Let us fix our eyes on Jesus, the author and perfecter of our faith, who for the joy set before him endured the cross, scorning its shame, and sat down at the right hand of the throne of God.
(Hebrews 12 v 2)
Last year, I did a new thing for Advent, searching the bible for names of Jesus, and using one each day to help me to focus on him, the reason for this season! I pick them out of the bowl at random, and then make an effort to think during the ensuing day about what that title means, and how it enriches my understanding of Jesus and all that he is.
Yesterday, it was this verse from Hebrews, reminding me that Jesus is both the author – the source of the plan of salvation – and also the perfecter of our faith. He not only drew up the blueprint, but came from heaven, from the glory of his father’s throne, and worked it out down to the last detail in his own body. Stuart Townend & Keith Getty put it succinctly in their song ‘See what a morning’ – ” See God’s salvation plan, born in love, wrought in pain, paid in sacrifice”.
There is nothing left for me to add…. no ticking of boxes, no achieving of prescribed standards of behaviour, or conforming to a particular mould. I can only receive, agreeing in my heart with a holy God, that I have nothing worthwhile to offer him, and that I stand in desperate need of a Saviour. My human pride rebels over and against this, seeking any way that I might put God in my debt, and somehow deserve this priceless gift which he is offering me. Surely, if I pray with great persistence, give sacrificially, witness at every opportunity, then I will have earned God’s favour?
What did Paul say in 1 Corinthians chapter 13? That one can be the most gifted, dedicated servant but without love – without that response to God in my heart – I am NOTHING. All my labours achieve is to wear me out with well-doing, creating a bitter and resentful heart as I see that God continues to bless others who do not try as much as I do, and that hard and painful things continue to happen to me.
What a relief it is by comparison to accept that it is only in Christ that I have any claim on God, and then to recognise that Christ’s claim is absolute! In him, I am a beloved child of the King of Kings, acceptable to a holy God, secure in my new family ties and with an eternal life in which to enjoy and work them out. The perfect son of God is the one who planned my salvation from the beginning, and is also the one who carries it through to completion, so that in the end he will present us – all his people – pure and spotless before the throne of God. It is not my labours after perfection which determine my future, but his finished work which guarantees it.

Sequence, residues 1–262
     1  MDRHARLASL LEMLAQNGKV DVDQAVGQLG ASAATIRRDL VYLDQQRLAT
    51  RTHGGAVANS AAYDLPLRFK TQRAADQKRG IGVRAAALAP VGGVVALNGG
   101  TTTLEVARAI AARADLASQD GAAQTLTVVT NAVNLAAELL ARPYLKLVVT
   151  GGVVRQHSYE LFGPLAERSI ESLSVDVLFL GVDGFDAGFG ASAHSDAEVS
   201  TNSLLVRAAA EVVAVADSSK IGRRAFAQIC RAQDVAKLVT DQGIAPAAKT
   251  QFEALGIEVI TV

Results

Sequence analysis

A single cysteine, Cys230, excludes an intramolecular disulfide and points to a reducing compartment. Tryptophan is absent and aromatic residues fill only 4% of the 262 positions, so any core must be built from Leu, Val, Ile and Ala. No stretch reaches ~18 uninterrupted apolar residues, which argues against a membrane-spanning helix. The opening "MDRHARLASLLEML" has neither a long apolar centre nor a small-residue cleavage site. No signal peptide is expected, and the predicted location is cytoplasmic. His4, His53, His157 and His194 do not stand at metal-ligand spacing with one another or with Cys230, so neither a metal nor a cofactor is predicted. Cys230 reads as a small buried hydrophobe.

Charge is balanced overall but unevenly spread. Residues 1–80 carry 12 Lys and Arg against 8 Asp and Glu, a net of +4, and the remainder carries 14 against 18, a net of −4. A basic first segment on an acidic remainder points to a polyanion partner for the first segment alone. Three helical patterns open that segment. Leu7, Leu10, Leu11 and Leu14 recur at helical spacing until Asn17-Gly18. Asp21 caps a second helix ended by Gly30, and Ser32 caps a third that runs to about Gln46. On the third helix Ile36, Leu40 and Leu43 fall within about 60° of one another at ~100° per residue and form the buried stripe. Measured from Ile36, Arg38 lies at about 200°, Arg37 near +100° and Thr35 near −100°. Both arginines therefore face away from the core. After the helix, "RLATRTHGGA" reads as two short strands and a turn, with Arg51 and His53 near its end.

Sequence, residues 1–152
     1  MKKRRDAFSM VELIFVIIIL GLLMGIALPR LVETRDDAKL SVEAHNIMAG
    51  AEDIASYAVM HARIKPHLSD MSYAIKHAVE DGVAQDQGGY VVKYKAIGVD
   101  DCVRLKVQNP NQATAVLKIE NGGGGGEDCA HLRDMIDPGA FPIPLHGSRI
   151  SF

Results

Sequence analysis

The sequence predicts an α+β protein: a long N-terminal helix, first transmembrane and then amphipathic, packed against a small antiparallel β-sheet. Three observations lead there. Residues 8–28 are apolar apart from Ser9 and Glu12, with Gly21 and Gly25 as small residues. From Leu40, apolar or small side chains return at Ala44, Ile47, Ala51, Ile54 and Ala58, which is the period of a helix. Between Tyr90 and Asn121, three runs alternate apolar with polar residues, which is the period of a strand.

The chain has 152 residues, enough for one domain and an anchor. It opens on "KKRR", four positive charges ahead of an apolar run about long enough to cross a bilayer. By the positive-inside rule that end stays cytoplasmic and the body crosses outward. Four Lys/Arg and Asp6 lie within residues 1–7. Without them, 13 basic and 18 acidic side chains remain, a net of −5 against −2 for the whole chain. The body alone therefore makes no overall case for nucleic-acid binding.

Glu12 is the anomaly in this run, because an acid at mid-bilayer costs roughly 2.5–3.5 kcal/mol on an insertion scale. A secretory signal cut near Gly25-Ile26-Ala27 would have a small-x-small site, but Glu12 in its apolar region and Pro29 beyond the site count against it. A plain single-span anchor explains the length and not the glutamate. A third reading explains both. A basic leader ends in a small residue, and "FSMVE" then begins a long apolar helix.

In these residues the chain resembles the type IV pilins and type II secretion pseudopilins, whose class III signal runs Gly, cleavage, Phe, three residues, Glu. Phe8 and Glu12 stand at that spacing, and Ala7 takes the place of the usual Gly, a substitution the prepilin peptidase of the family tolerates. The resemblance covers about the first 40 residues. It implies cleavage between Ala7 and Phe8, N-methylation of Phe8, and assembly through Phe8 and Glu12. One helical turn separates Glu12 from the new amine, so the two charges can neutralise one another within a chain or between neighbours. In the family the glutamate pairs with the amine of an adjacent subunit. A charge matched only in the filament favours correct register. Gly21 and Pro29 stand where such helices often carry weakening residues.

Yes, it is right and proper that in our response to this love we should desire to become like Jesus in his holiness, that we should long to share the good news of his death and resurrection, and to care for all his children. But while we remain in frail human flesh, our efforts will remain flawed and compromised. It’s ok! God knows and understands, welcoming our desire to be changed, to serve and love in his name, and enabling us more and more to live in this way as we trust him for daily strength and perseverance.
I don’t have to be perfect, because Jesus is perfect for me. I just need to remain in his presence, depending on and loving him more than anything else. The apostle Paul wrote to his Philippian church to encourage them in this kind of faithful living, reminding them that “he who began a good work in you will carry it on to completion until the day of Christ Jesus”. (Phil 1 v 6)
The title of this piece, two Greek letters which stand at the beginning and end of that alphabet, is another of the names given to Jesus (Rev 22 v 13). This idea that he is before and after all things, somehow holding it all together, is a richly satisfying picture for me, and ties in very closely with the verse from Hebrews with its sense of the completeness of his work. The words are also quoted in a very old hymn, not often sung nowadays, but full of good theology and worth revisiting! I will close with it this week, and pray that as you take these words and think over them, you will be filled with praise for Jesus, the author and perfecter of our faith.
Of the Father’s love begotten ere the worlds began to be,
He is Alpha and Omega, he the source, the ending he,
Of the things that are, that have been, and that future years shall see,
Evermore and evermore!
(Aurelius Clemens Prudentius 348-413, translated by J M Neale 1818-66)